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Jewish World Review Feb. 7, 2002 / 25 Shevat 5762

Philip Terzian

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The Queen's half century -- ON the few occasions when I have laid eyes on Elizabeth II, I have been part of a huge throng straining to catch a glimpse of the British monarch. This is not surprising in itself; kings and queens attract crowds wherever they go. What is surprising is that, more often than not, these spectacles have taken place not in Britain but America, home not only to republican government, but a nation conceived in rebellion against the crown Elizabeth wears.

What explains it? The easy answer, of course, is celebrity and longevity. Fifty years ago this week (Feb. 6) the 25-year-old Princess Elizabeth was awakened by her husband in the Tree Tops hunting lodge in Kenya and told that her father, King George VI, was dead. The great majority of Britons have known no other monarch -- including the present prime minister, who was not yet born. In 1952 Harry Truman was president of the United States, and Elvis Presley was still in high school. When the Queen was crowned in Westminster Abbey the following spring, it was the first time an overseas event had ever been televised. The radiant young queen of the early 1950s -- her first prime minister, Winston Churchill, once compared her to a fairy princess -- is now a matronly grandmother, famous for her sensible clothes and clunky handbags, and is very nearly as old as Churchill was at the time.

It would be a mistake, however, to believe that the Queen's drawing power derives from endurance alone. It would also be wrong to misconstrue those curious crowds for reverent masses. The "popularity" of the British monarchy has risen and fallen over the centuries. In 1649 an English king (Charles I) was executed by parliament and replaced with what amounted to a military dictatorship. The middle-aged Queen Victoria's mourning for her late husband, Prince Albert, was so intense and protracted that there was considerable doubt, in the 1860s, whether the monarchy would survive her death, 40 years later. When Edward VIII was told he could not marry his divorced American sweetie and stay on the throne, he handed back the throne and skipped off to Paris.

Nearly everyone agrees that the present Queen, in 50 years, has been a model of discretion, decorum, and subtle good sense. She has been a prudent and perceptive influence on politics, and enjoyed excellent relations with politicians in both parties, who have come to value her efficient intelligence. The only rough patch, of course, was the year when her former daughter-in-law, Princess Diana, was killed in a car crash with an Egyptian playboy, and the British public nearly swooned with theatrical pain. The Queen was much reviled for failing to ventilate, and Diana's funeral, "both a royal and an anti-royal occasion," in the words of Ferdinand Mount, " ... provoked an outpouring of grief that made many observers uncomfortable because it so clearly signaled the desolation in which millions of their fellow citizens lived."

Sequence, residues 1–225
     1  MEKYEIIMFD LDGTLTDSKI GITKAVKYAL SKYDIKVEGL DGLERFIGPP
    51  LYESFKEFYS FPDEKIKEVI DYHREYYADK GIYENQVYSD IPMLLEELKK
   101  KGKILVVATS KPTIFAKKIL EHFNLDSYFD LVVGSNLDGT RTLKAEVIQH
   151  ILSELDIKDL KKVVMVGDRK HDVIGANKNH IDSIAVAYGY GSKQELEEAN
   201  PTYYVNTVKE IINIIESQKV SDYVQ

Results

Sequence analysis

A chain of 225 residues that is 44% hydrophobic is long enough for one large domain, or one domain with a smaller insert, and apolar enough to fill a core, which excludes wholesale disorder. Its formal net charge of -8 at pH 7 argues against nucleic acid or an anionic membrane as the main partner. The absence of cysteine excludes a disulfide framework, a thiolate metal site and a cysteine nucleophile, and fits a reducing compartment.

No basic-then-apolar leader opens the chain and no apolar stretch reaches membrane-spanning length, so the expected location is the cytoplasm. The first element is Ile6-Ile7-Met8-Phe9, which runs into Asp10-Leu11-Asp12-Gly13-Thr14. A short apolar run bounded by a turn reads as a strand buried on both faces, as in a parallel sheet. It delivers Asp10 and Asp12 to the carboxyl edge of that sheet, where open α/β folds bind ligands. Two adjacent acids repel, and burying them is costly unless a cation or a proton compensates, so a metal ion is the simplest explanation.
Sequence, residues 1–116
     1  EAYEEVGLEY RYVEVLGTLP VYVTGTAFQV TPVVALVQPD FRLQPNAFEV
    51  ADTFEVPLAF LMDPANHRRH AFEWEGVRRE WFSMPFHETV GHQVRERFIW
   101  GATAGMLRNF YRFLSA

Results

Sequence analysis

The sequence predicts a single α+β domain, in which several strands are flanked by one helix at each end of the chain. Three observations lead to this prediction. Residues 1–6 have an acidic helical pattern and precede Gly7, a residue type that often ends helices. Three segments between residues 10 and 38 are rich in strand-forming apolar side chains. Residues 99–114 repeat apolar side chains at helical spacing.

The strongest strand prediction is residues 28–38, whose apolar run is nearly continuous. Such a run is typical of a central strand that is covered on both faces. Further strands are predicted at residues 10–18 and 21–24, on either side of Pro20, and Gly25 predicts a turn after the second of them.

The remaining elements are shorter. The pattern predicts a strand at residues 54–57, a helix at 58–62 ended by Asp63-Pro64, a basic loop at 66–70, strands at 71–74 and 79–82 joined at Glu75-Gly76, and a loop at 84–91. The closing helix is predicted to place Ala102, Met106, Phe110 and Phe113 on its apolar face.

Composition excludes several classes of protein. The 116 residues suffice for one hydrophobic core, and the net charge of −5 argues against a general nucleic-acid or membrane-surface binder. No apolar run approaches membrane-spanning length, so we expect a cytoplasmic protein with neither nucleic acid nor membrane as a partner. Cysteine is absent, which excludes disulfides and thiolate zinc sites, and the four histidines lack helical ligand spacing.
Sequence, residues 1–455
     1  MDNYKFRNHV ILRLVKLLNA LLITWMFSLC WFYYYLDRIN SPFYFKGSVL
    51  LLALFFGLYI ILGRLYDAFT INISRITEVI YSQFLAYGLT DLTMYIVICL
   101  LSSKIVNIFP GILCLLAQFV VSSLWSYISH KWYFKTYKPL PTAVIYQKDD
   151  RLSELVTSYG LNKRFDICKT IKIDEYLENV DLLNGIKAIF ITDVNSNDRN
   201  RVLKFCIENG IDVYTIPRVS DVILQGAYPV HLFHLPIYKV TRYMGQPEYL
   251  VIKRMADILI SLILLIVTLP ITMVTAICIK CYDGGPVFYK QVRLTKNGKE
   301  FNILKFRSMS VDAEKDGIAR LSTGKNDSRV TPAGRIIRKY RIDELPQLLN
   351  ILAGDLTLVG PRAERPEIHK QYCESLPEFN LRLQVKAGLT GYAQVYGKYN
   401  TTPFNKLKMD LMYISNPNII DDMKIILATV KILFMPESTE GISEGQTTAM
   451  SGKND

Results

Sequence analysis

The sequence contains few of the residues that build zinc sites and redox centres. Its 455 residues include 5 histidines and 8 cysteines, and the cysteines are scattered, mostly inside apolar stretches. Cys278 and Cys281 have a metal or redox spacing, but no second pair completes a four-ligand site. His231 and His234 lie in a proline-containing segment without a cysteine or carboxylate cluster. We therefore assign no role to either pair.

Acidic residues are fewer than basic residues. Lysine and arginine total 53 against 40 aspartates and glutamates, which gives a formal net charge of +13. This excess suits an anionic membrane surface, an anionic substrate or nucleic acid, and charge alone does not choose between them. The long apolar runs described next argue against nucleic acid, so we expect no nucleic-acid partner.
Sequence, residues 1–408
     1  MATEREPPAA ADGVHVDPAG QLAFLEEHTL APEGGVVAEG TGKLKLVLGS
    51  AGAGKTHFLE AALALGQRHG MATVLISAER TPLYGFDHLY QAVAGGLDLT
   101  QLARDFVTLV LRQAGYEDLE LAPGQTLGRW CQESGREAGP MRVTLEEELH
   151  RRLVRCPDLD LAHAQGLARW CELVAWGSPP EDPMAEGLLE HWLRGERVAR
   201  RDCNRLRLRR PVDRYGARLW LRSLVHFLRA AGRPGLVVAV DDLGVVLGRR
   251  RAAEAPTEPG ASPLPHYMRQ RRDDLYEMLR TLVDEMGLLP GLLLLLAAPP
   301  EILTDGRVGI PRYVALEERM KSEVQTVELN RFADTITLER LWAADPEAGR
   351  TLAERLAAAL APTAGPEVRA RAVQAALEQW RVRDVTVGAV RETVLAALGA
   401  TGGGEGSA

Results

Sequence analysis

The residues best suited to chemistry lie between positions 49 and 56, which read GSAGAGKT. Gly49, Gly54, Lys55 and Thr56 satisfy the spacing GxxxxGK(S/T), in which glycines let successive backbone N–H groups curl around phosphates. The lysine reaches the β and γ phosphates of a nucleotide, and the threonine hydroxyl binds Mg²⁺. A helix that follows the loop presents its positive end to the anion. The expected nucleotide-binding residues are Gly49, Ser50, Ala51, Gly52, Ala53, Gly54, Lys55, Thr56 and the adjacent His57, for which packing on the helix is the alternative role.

Which may, in the long run, explain the curious thread that binds Elizabeth to her subjects in Britain, and exerts a worldwide fascination. The point of a modern constitutional monarchy is not to disperse power, as it was originally conceived, but to serve as a connection between the national present and past, and personify a Nation that stands above politics and the news of the day. In America we are always in search of spiritual roots and connections in national life, and sometimes find it in religion, in the law, in service to the state, or in dubious cults like the Kennedy clan. In Britain there is no such uncertainty: The monarch personifies the state, and furnishes the living link to an ancient faith, the folklore of history and national consciousness.

This does not mean that every democracy ought to have a king, but it does suggest there is considerably more to monarchy than pomp and circumstance, Diana or Fergie. After all, when you think about modern nation-states that have collapsed in calamitous violence -- Afghanistan, Rwanda, Yugoslavia -- you will find that it is not so much a failure of political will but an absence of established authority that leads to chaos, and "authority" is not something that accumulates overnight. Review the elements that have kept Britain together for the past few centuries (in stable contrast to its neighbors in Europe) and you find that shared deference to a crown that exerts an implicit authority heads the list. Britain's monarch is not all-powerful, but politics in Britain begins with an oath of allegiance to the Queen.

Americans, of course, respond to Queen Elizabeth II on different levels: She endures, she is certainly famous, she joins a line that stretches back a thousand years. But she also represents a truth we ignore at our peril: That the life of a society is more than its commerce or power, and that nations subsist on their history as much as politics.

JWR contributor Philip Terzian is associate editor of The Providence Journal. Comment by clicking here.


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© 2001, The Providence Journal